Once again, we have our own darling, Enyima, guest commuting from the beautiful side of East London. She’s quite gifted, I must add. I like to say she’s an important person in the financial community within The Square Mile. Enjoy her experience with Transport for London (TfL), comment, and please share.
As for this one, I can’t say I didn’t deserve it. After all, who in their right mind expects a peaceful journey home after choosing to sit at the back of the bus? The back row of seats (and the rear-facing row in front of it) belongs to the hard knocks, the tough guys, the kankpe girls, the people who spent their childhoods disrupting lessons and are hell-bent on spending their adulthoods disrupting life. But there were no other available seats on Bus 35 that balmy Thursday afternoon and I was not about to stand all the way home, or sit upstairs with the real nutcases.
So I settled into my rear-facing seat with a copy of Shortlist, a free men’s magazine I had picked up on my way to the bus stop, and started reading an article about “The 10 Most Amazing Movie Explosions of All Time” (or some other testosterone-inspired nonsense). A few moments later, an unkempt old man collapsed into the seat facing mine and in seconds was loudly snoring out the stench of beer. A fresh-faced teenage boy with neat cornrows and loud headphones slouched into the seat next to him, sniffed the air a few times and then moved further down the row in obvious disgust. Then a rotund man in a too-tight long-sleeved shirt plopped down, sighing loudly as he stretched out his legs, exposing patterned grey socks and a sliver of ashy skin above his pointy tan shoes.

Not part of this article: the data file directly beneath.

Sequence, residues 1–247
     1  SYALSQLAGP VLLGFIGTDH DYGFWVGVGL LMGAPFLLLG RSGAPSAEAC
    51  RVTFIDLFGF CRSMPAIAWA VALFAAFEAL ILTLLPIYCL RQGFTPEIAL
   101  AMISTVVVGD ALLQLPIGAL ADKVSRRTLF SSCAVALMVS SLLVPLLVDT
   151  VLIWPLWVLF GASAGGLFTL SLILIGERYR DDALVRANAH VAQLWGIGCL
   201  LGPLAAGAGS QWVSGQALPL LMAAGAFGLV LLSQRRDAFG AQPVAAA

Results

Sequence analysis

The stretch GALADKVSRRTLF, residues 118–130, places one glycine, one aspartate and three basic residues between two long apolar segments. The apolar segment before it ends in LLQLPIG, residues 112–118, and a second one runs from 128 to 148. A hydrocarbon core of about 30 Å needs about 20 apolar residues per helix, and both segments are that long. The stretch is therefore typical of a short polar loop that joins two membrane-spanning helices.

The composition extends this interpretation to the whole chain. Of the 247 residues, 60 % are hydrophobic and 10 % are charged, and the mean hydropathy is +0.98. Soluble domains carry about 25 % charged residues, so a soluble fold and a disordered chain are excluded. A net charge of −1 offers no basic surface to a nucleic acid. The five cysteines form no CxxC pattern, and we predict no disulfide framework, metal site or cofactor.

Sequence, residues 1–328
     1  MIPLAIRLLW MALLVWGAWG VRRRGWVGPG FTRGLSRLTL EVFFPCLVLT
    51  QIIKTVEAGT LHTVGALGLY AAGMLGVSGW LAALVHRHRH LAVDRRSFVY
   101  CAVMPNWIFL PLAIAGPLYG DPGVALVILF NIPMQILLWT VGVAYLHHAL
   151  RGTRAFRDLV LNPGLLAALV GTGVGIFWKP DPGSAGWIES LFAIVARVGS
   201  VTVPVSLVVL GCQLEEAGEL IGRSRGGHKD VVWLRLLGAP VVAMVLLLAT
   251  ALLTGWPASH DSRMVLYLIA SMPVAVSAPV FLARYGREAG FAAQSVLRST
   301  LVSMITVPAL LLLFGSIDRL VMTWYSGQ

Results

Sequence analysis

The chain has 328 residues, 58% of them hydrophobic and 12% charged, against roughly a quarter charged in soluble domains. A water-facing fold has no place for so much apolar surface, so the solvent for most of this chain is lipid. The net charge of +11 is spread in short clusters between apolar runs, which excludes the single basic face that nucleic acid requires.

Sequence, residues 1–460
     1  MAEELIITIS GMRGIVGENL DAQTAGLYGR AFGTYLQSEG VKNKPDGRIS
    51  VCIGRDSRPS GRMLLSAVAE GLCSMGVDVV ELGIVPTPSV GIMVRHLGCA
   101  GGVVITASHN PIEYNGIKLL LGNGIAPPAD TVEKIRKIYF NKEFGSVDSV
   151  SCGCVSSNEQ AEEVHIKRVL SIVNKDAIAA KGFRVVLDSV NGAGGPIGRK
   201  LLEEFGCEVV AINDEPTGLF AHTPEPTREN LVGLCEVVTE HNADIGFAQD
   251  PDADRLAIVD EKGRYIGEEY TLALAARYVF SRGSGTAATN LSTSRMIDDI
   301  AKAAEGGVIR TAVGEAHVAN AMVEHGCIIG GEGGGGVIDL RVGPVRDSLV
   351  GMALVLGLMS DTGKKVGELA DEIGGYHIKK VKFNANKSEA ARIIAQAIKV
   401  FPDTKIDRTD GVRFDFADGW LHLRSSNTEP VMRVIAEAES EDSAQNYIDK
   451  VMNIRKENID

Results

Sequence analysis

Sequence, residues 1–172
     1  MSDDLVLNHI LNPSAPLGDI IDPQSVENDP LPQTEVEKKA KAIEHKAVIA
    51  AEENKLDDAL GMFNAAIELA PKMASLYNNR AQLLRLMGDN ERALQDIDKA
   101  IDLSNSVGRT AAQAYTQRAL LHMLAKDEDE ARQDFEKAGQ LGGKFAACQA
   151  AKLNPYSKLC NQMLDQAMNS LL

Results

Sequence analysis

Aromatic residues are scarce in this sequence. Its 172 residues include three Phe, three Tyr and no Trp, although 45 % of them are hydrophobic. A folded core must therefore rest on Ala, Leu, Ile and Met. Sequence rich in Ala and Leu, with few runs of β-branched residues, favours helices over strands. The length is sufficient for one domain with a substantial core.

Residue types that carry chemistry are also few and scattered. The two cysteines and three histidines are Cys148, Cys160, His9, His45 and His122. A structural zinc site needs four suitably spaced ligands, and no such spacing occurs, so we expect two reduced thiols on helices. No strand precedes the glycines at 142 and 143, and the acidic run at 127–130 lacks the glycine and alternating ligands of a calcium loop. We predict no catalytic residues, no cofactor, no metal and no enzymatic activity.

I looked up from my read to raise a judgemental eyebrow at this card-carrying member of the Anti-Vaseline Movement. Why did he look familiar? He glanced over at me, did a double take, and then displayed a wide, multi-coloured grin of recognition. Then I suddenly realised who he was … Neruda! Remember Neruda? (Asomasi’s note: Click the link if you don’t remember him.) No, not the Peruvian love-poet Pablo Neruda, but Neruda of the Bus 35 love note! “Chukwuemeka” Neruda of the shamefully swift rejection by yours truly. Neruda of the wrong place, wrong time, wrong approach, wrong woman affliction!
What’s that saying again? Speak of Neruda and he will come to you?